J is for Jaundice

We are celebrating our Montreal prenatal class with the ABCs of prenatal classes. From A to Z let’s cover common prenatal terms, J is for Jaundice, and what you can learn about them from our classes.

Babies go through some wild changes once they are on the outside. One of the things that happens is that they start to breakdown their red blood cells and create new ones using adult hemoglobin. (It’s true, babies really do grow up fast!)

Bilirubin is a by-product of breaking down those blood cells and it can cause the yellowing of the skin known as jaundice. Jaundice is often visible on baby’s face and in the hospital babies are frequently tested before they are discharged.

Newborns have two things that make them more susceptible to jaundice: a higher turnover of red blood cells (thus more bilirubin) AND their livers are slower at clearing out bilirubin. Unsurprisingly then, up to 60% of newborns will develop jaundice, generally beginning on the second to fourth day after birth, and it’s often a normal physiological part of newborn life. This means not all jaundice needs treatment. Hurrah!

However, there can be more serious causes of jaundice and very high levels of bilirubin are problematic, so care providers and parents want to keep an eye on it. The timing, duration and intensity of jaundice as well as baby’s well-being give care providers insight into when it is normal and when treatment or further investigation is required.

What is the best thing for jaundice?

Pooping and peeing! Well, clearing the body of bilirubin which is done through baby’s output.

Feeding problems can make jaundice worse, or take longer to resolve. A way to prevent, or at least decrease the level of jaundice, is to make sure baby is getting enough milk. Colostrum, the first breast milk produced, has a laxative effect that encourages things to move along the digestive tract. This helps baby clear out bilirubin from their system thus keeping levels down. Unfortunately, jaundice can make babies sleepy and harder to feed so it’s important to keep on top of feeding.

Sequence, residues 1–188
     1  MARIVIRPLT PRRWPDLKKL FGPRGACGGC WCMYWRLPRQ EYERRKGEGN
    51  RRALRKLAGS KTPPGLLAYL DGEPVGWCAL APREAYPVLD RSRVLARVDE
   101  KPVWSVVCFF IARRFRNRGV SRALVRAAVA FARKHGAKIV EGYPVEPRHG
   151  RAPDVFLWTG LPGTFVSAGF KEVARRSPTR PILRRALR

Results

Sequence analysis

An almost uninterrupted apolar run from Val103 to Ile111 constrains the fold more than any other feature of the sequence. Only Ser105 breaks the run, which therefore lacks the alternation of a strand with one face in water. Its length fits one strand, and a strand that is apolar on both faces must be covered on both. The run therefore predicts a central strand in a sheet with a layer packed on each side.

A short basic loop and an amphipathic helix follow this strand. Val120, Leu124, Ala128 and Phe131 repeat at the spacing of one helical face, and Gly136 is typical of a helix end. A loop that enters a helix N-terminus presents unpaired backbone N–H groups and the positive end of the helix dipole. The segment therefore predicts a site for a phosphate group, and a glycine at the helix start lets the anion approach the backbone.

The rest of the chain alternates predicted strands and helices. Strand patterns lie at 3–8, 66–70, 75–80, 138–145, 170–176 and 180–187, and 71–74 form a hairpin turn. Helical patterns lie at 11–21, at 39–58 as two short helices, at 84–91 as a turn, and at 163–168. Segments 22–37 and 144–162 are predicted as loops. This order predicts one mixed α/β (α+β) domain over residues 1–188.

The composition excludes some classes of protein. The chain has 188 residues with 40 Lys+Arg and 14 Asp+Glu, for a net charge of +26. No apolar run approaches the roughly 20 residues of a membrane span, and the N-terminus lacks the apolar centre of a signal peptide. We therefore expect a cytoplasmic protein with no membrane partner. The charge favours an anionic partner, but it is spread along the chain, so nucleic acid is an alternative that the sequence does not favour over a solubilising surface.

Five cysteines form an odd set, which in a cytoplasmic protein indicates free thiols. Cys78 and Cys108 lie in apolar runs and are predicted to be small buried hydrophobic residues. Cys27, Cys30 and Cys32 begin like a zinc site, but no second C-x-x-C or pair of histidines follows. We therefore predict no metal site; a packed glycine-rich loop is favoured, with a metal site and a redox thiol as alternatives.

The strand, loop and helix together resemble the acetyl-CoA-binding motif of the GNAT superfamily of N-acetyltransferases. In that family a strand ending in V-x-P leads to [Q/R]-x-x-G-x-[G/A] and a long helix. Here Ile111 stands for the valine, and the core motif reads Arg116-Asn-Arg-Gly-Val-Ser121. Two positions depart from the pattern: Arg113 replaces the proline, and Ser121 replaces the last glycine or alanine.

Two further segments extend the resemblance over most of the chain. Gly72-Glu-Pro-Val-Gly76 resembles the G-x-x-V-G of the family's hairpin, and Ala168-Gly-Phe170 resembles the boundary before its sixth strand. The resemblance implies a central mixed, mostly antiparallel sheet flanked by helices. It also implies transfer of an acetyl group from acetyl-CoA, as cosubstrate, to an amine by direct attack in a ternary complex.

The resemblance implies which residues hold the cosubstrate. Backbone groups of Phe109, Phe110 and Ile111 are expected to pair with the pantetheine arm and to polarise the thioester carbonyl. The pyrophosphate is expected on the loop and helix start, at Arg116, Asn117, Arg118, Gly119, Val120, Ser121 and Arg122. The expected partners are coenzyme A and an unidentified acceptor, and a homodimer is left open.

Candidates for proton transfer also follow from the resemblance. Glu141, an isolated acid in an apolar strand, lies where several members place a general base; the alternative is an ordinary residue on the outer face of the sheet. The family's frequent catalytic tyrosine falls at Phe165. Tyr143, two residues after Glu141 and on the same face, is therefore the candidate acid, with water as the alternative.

How is jaundice treated?

Most often the treatment is simply time. If levels of bilirubin are too high or something else is amiss, phototherapy may be recommended. Phototherapy is done by placing baby under blue lights to help speed up their body’s ability to clear bilirubin. Babies who receive phototherapy in hospitals usually get bathed in blue light in the room with their parent(s) and wearing awesome protective shades over their eyes.

What you will learn about jaundice in our prenatal class

How to get a good start with feeding

Jaundice, sleepiness and feeding

Interesting facts about jaundice

Breast milk jaundice is a form of jaundice that is only seen in breastfed babies. Curiously, we don’t have an answer for why it happens. Fortunately, if baby is drinking well and there are no other symptoms, breast milk jaundice is harmless. You should always talk with your care provider if jaundice appears.

Jaundice may be harder to identify in babies with darker skin tones but care providers can examine their inner lips and eyes as well by doing a bilirubin test.

Phototherapy works by adding oxygen to bilirubin so that it dissolves in water. Science is amazing!

Up next K is for…
Back to I is for Induction.

Learn more about our prenatal classes.

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